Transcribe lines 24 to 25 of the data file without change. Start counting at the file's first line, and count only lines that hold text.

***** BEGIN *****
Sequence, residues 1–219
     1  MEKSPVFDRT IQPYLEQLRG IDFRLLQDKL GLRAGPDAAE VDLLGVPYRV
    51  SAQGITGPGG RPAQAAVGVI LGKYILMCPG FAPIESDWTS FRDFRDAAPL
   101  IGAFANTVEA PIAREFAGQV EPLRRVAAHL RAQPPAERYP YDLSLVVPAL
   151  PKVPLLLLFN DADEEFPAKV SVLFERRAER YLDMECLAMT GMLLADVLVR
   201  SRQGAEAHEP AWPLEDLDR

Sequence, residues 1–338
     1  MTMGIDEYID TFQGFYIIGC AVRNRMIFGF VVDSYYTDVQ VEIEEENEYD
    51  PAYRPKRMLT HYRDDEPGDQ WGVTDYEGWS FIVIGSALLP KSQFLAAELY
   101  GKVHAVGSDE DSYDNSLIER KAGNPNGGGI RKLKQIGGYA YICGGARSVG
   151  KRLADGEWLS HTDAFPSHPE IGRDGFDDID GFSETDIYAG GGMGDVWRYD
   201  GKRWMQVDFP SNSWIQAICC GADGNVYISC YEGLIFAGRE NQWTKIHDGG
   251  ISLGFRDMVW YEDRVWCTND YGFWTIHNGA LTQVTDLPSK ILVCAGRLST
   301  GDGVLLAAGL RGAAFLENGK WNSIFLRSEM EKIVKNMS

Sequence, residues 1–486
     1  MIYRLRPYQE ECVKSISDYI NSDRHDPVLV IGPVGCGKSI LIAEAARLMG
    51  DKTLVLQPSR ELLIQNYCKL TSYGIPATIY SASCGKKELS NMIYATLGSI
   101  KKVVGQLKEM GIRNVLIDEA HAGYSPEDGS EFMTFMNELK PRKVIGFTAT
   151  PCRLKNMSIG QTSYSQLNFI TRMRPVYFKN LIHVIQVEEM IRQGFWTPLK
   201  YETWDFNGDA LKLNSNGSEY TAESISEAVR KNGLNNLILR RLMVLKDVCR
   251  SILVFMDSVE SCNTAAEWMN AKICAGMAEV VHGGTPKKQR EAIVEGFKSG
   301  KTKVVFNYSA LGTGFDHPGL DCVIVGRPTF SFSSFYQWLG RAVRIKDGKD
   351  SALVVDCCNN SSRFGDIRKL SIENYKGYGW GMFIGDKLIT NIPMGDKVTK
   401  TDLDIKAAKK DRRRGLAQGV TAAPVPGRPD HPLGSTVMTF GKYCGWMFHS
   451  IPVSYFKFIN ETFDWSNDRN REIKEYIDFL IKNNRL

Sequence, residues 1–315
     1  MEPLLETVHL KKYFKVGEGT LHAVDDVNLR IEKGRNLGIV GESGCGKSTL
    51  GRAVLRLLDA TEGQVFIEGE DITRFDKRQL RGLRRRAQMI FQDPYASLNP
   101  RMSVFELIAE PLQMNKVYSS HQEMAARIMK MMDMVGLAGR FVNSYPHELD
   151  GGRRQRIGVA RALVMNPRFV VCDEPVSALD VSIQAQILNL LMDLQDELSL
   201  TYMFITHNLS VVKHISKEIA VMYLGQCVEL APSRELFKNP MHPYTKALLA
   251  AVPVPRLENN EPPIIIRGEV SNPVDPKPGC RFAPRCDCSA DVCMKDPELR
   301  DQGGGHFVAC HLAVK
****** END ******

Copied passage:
   401  TDLDIKAAKK DRRRGLAQGV TAAPVPGRPD HPLGSTVMTF GKYCGWMFHS
   451  IPVSYFKFIN ETFDWSNDRN REIKEYIDFL IKNNRL